If you have managed to live your life so far without once uttering the expression “cage busting,” alas your luck has run out. The first rule of cage busting is that you have to talk about cage busting—a lot. But what does this mysterious term mean, and from whence did it come? Reader: I give you Dr. Rick Hess, the designated intellectual of the education reform movement, and expert on all things cage busting.
Just as unions stifle our public schools and prevent them from being excellent and innovative, the dreaded education bureaucracy keeps many of our best leaders from becoming the great leaders their paychecks indicate that they should be. In other words, the most excellent leaders don’t just wallow in the ‘culture of can’t,’ their cages of ‘good enough’ lined with hundreds of pages taken directly from the bloated union contract. They bust out of, blast through and blow up the cage, thus demonstrating their cage-busting leadership and entitling them to earn excellent salaries, and, when they tire of the cage-busting life, hefty speaking fees about, what else? Cage busting.
But who are these fearless cage busters, and how can we purchase their memoirs? Fortunately they are gathered at the American Enterprise Institute at this very moment to discuss the importance of cage busting leadership (or #cagebusting as an army of young AEI staffers is tweeting enthusiastically) in education. Alas, you will recognize plenty of familiar faces, although I’m not sure that “cage busting” is how I would describe their particular leadership styles. Let’s take a look shall we?
Michelle Rhee: Page hustling
Michelle Rhee is the original cage buster, if by “cage busting” you mean a take-no-prisoners-approach to leadership that leaves nothing but eraser bits in its wake. Which means that we can all learn a lot from her inspiring style, and from her new advertorial, which is so concerned with putting students first that they are literally right in the title. Alas, these days Rhee is hustling pages sans some of her favorite adjectives. A free copy of Dr. Hess’ book to the eagle-eyed reader who can ID what’s missing from this Rhee bio.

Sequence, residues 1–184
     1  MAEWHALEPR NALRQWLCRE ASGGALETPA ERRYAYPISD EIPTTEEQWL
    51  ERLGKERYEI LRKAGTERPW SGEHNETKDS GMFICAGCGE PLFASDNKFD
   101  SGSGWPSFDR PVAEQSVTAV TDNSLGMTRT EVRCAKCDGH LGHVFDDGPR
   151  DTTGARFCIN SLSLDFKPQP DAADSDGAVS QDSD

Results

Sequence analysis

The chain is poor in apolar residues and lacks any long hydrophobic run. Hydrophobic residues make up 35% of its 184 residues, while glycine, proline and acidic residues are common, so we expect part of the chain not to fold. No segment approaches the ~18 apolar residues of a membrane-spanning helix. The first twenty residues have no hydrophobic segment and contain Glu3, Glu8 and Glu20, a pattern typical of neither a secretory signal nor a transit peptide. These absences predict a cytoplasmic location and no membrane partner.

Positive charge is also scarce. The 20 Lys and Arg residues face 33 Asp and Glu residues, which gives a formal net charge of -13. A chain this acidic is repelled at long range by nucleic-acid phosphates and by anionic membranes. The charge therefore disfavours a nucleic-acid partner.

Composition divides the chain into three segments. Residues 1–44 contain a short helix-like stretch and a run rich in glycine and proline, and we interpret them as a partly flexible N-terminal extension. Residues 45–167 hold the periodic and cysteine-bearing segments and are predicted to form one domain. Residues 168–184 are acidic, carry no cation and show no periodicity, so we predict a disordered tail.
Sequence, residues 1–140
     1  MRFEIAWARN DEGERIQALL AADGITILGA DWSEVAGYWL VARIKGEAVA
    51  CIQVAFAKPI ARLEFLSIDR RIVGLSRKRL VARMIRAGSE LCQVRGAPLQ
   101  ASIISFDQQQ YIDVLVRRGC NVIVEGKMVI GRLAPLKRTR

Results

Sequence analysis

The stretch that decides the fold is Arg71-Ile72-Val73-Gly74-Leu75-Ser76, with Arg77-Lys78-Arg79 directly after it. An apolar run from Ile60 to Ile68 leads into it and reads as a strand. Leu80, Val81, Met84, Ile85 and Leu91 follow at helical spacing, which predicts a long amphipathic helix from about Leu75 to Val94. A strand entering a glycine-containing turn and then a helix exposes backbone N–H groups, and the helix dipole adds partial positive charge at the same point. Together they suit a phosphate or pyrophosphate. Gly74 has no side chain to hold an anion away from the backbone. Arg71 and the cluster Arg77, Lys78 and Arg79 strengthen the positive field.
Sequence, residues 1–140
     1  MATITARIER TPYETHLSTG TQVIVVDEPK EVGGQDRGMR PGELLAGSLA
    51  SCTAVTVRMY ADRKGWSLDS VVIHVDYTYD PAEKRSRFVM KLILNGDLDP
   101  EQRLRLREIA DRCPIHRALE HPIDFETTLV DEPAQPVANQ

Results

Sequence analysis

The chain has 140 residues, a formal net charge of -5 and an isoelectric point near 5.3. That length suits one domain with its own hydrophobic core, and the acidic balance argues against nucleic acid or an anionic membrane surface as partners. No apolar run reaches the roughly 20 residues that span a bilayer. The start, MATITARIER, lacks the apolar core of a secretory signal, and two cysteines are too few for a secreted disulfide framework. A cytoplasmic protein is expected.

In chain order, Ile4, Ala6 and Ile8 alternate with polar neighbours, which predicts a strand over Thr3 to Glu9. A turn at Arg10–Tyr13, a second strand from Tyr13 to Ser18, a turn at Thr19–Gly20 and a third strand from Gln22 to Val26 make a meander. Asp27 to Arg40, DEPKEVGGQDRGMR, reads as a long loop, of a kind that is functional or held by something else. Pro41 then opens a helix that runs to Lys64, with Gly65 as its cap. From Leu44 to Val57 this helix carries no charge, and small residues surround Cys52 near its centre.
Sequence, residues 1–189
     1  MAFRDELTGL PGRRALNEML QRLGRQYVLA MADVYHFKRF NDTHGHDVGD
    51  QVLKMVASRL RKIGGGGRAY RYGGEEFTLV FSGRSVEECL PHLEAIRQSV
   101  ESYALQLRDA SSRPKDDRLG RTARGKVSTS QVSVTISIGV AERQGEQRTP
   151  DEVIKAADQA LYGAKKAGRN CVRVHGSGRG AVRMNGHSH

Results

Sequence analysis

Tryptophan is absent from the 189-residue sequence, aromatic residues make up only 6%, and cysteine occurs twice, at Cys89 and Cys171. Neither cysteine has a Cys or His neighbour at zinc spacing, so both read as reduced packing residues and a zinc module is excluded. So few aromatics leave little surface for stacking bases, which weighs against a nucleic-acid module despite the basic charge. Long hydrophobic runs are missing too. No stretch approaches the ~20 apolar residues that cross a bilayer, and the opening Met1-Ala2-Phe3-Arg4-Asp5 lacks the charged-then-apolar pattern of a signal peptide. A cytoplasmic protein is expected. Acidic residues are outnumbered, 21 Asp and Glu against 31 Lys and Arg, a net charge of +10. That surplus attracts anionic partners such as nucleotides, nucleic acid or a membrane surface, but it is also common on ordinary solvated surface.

Christopher Barbic: Wage boosting
When last we encountered Mr. Barbic, this excellent Teach for America alum was earning a hefty salary, pulling down $18K a month to head up the Achievement School District in Memphis, more than the governor of Tennessee. Good news: he’s still earning mad rephorm cheddar. Which turns out to be another cage-busting lesson. You see, cage-busting leaders excel at getting paid…
Deborah Gist: Cage rattling
One sign that you are an outstanding cage buster is the degree to which people resist your dictatorial dictates. To witness first class cage rattling cage busting in action, we need travel no further than Rhode Island, where Education Commissioner Deborah Gist has just challenged superintendents to an old-fashioned cage wrestling match:
In a harshly worded letter, Education Commissioner Deborah A. Gist has alerted Rhode Island’s school superintendents that she will take severe action against any district that is using seniority, job fairs or bumping to assign, keep or lay off teachers. Gist threatens to impose sanctions “up to and including loss of certification;” taking districts to court; or withholding state education aid unless they comply with her interpretation of a key education regulation called the Basic Education Program.
OK then—there’s some cage busting for you. I’m guessing that Ms. Gist gets paid really well, and that’s she’s got a memoir in the works. Or that she will, just as soon as she gets done bustin’ out of that cage.
Kaya Henderson: Cage closing
The great thing about cage busting is that just because the original cage buster is forced to step down, her designated replacement cage bustress can continue to implement the exact same cage-busting policies with equally excellent results. Or she could just close one in ten of the public schools that she is in charge of overseeing. While in some fields this might count as “giving up,” that is apparently not the case in education reform where it is hailed as bold, cage-busting leadership.
Adrian Manuel: Stage dressing
The principal of Kingston High School, in Kingston, NY, Manuel stands out on this panel as actually knowing something about how to lead a school. Also, he is unique in that the letters TFA appear nowhere in his bio, and that he once attended the poor, minority school that he now oversees. Which, when you think about it, is the total opposite of the imported excellence that is TFA. But who cares about a few irrelevant biographical details—how is Principal Manuel at cage busting? Reader: I couldn’t tell you. I still have no idea what it means.
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